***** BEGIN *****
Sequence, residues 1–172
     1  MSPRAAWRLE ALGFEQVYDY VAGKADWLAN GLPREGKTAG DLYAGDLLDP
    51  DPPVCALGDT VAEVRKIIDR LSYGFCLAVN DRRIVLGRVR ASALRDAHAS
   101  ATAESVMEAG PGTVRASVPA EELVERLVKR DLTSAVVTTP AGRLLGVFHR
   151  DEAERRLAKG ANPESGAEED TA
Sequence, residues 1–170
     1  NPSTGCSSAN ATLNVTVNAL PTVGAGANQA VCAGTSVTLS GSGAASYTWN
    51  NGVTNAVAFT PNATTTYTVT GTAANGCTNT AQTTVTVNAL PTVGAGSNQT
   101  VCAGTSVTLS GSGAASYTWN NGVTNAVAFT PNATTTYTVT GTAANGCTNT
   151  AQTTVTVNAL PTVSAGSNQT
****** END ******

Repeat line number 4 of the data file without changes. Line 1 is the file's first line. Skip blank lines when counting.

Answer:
   101  ATAESVMEAG PGTVRASVPA EELVERLVKR DLTSAVVTTP AGRLLGVFHR